Last time the Liberals were in power, they made quite an effort to see the “Intelligent Design” CDs get distributed to schools (circa 2005), arguing that students should get to see two sides to the evolution debate; well, the only “debate” they are referring to is a religiously motivated one by a particular section of Christianity, aka creationists. Rather than go down that rabbit hole again, could we just once stick to teaching the science in science class, and not some religiously-motivated idea? There are plenty of interesting scientific debates and discussions deep within the details of evolutionary processes, natural selection, genetics and gene transfer mechanisms, for example; these are the debates that matter in a science class, but not a debate which is really proxy-war about the propaganda of God and His Dominion.

    Sadly, the door has been blasted wide open once again. Can’t we please just keep religion out of the education of what are meant to be subjects based on rational, scientific principles? If people are so concerned about teaching their kids what is a personal matter (religion), surely that is a choice for what extra-curricular activities they involve their children in (like going to church on Sunday)? Our society is one in which they are perfectly free to do this.

    Finally, who ever heard of a review where the principal investigator presents their conclusions before the review even kicks off? That is what Kevin Donnelly has done by stating what he believes needs putting into the national curriculum, immediately prior to starting the review. Goodness.

  24. Donald Oats
    January 12th, 2014 at 08:36 | #24

    As for new atheism: yes, they can and do at times come across as strident. In defence of at least some of the new atheists though, their position is that instilling in children a belief in mythological figures as if they are part of reality, and employing the almost innate fear of death (and ensuing loss of enduring identity) kids have, as a means of coercing them to follow “God’s Laws” with the threat of not going to heaven if they disobey, is a morally wrong way to educate children.

    The new atheists don’t accept religion as a means of controlling a child’s intellectual development and moral development; the new atheists assert that it is actually harmful to the child to routinely use patently false statements about the world we live in, as a means of teaching. Whatever the intention of the adult, the child is the one who suffers the consequences, and some are quite frankly traumatised by it. I have met some such unlucky souls, but not once have I come across a person who was traumatised by learning how to use reason as an instrument in their education.

    New Atheists do not accept that Science, and Religion (usually Christianity in the Western World), form two magesteria, each providing a different “way of knowing”. The New Atheist, upon hearing this sort of statement, quite rightly says: “BOLLOCKS!”—and that is one reason why they can come across as strident and impolite. The New Atheist points out: “Either the Young Earth Creationists are right, or the paleontologists are right, concerning the age of dinosaur (and other) fossils, but both cannot be right.” Which, if either, of the two magesteria is right in this instance? For the New Atheist, being dismissive of the YEC is an entirely scientifically warranted position to take; for the YEC, no amount of scientific evidence is acceptable to them, or will sway their view; therefore, the New Atheist thinks, why waste further time being politely accommodating—under false pretences—of their religiously inspired rigid belief that the world was created (by God) a mere 6000 years ago?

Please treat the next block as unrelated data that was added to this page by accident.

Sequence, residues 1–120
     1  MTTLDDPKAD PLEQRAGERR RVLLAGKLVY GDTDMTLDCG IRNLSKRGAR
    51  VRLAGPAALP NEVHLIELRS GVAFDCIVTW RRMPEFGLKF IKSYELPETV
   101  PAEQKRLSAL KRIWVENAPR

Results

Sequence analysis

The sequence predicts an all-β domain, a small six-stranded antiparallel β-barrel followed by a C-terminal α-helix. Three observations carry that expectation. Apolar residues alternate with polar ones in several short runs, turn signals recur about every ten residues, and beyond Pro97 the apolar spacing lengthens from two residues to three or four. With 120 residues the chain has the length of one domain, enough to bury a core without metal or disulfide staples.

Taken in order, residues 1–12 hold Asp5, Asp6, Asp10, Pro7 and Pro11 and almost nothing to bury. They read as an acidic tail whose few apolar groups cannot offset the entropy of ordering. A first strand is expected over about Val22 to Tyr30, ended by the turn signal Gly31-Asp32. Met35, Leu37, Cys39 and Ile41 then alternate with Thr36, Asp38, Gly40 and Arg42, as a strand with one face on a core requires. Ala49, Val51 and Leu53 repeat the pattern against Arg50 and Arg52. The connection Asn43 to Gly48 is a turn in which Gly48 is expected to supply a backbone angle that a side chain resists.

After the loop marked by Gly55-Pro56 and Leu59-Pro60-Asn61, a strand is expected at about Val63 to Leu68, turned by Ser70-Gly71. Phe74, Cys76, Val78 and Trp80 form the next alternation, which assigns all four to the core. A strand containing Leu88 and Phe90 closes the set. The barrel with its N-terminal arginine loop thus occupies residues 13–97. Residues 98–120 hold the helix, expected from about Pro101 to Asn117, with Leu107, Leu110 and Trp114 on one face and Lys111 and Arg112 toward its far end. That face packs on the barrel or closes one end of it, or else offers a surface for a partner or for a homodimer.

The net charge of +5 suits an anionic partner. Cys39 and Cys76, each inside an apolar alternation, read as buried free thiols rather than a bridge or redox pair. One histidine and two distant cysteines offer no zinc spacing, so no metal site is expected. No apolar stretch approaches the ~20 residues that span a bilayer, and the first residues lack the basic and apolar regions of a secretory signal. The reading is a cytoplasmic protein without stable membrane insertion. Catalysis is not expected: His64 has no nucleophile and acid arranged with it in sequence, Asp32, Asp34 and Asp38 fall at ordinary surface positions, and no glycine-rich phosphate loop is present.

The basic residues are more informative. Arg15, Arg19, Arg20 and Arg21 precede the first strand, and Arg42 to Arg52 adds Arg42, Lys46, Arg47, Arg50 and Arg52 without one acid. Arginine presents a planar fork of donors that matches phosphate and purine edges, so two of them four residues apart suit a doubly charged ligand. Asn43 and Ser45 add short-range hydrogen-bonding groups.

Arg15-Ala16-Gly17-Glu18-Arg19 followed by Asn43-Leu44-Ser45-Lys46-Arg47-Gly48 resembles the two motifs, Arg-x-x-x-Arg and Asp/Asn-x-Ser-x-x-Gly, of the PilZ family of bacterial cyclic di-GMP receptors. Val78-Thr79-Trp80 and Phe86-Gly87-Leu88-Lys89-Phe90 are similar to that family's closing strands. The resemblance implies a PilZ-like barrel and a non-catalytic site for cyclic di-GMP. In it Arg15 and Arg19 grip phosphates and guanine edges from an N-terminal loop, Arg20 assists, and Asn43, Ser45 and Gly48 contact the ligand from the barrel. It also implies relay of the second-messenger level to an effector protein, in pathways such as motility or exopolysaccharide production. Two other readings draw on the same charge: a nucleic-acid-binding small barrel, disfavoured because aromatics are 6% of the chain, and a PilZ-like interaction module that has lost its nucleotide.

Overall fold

Personally, my view is slowly becoming one of being more willing to openly state my objection to someone else’s assertions concerning a religious myth about the way the world works, as I believe that what is considered to be true should be scientifically validated facts concerning the world in which we live. That will sometimes upset other people, something I don’t particularly like doing; on the other hand, the Liberals demonstrated last time what happens if we give in to being polite rather than being bluntly assertive about our resistance to their attempts to put religion into schoool education.

    I do not want to see this happen again.

  25. alfred venison
    January 12th, 2014 at 09:23 | #25

    the “two magesteria” are of course the product of the late great stephen jay gould, who worked assiduously, while dawkins was fiddling with memes, to keep creationism out of american schools. i guess that makes gould an old atheist. i find dawkins as pushy as the fundamentalists and as disagreeable. i agree with John Quiggen, we have a live and let live ethos in this country and it would be good to keep it that way. we don’t need a culture war on this front, we don’t need obnoxious polemicists ramming their beliefs down our throats. by the way i have been an atheists since 1970 so don’t come at me as an apologist for fundamentalists. -alfred venison

  26. January 12th, 2014 at 09:58 | #26

    “Finally, who ever heard of a review where the principal investigator presents their conclusions before the review even kicks off? ”